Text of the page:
Some stability please

Another year and another Secretary of State for Education emerges from the reshuffle. When schools do not thrive often the high turnover of staff is blamed. But what about high staff turnover in this top political job? Since the early 1990Æs when I began teaching there have been 13 Secretaries of State. That gives them a life expectancy of around 2 years. During that same period of time there need only have been three appointments, with those changes forced by the will of the ballot box, not the whim of the reshuffle. Some teachers might argue you need to beware what you wish for û for reference, those three would have been Ken Clarke, David Blunkett and Michael Gove.

My point is not a political one. It is one about the stability of vision and purpose that the children in our schools and the teachers working in those schools deserve. This is true of education more than almost any other branch of Government. An education takes 14 years between reception and A levels. For those young people taking exams in 2018 they began that journey in 2004. They have seen 8 Secretaries of State. They need only have seen two. In 2004, as they began reception, the ænewÆ curriculum 2000 reforms had just stabilised. Those reforms have come and gone, as have many others besides.

The system clearly canÆt be entirely stable. There must be change and adaptation, to circumstance and new and better ideas. My plea is that the value of every change is measured against the enormous value attached to stability for those already in the system. And a good start in that quest would be for the benefits of any change in Secretary of State to be measured against the value of stability and consistency for those children in our schools.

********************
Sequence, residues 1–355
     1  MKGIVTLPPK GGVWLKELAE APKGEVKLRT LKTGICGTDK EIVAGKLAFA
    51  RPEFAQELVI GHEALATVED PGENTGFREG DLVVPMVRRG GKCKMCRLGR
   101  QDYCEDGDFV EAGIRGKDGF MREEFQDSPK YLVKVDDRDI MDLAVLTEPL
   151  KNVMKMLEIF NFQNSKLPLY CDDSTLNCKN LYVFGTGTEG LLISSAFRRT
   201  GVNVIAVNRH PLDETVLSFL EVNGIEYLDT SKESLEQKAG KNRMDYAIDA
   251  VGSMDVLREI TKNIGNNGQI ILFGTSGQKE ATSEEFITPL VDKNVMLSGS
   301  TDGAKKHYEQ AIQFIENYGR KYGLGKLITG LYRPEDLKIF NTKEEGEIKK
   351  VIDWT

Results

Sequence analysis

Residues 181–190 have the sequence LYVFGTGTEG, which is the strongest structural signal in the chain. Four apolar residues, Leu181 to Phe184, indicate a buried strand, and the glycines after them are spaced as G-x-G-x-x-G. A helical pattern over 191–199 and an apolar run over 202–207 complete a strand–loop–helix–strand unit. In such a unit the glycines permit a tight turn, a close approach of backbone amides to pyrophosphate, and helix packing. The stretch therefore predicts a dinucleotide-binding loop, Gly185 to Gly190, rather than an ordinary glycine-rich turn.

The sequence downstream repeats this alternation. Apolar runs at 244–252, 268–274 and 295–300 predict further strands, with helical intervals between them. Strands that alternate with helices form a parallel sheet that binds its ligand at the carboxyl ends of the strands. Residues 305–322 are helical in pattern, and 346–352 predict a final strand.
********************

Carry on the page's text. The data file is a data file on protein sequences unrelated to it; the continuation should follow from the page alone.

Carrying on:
About Philip Britton

Philip Britton is the Head of Foundation of Bolton School. He was brought up on Tyneside, took a first in physics at Oxford and did teacher training at Cambridge. He worked as physics teacher, Head of Physics and Deputy Head at Leeds Grammar School before moving to Bolton in 2008. In 2010 he was awarded an MBE for services to physics and is a Fellow of the Institute of Physics where he has been much involved in physics education, encouraging teachers to encourage the next generation of physicists. Follow at X: @Philip_Britton | View X/Twitter archive | Listen at: Exploring Bolton School | Social Mobility, Leadership & Future School Thinking | Strategic School Leadership with Philip Britton | Strategic School Leadership with Philip Britton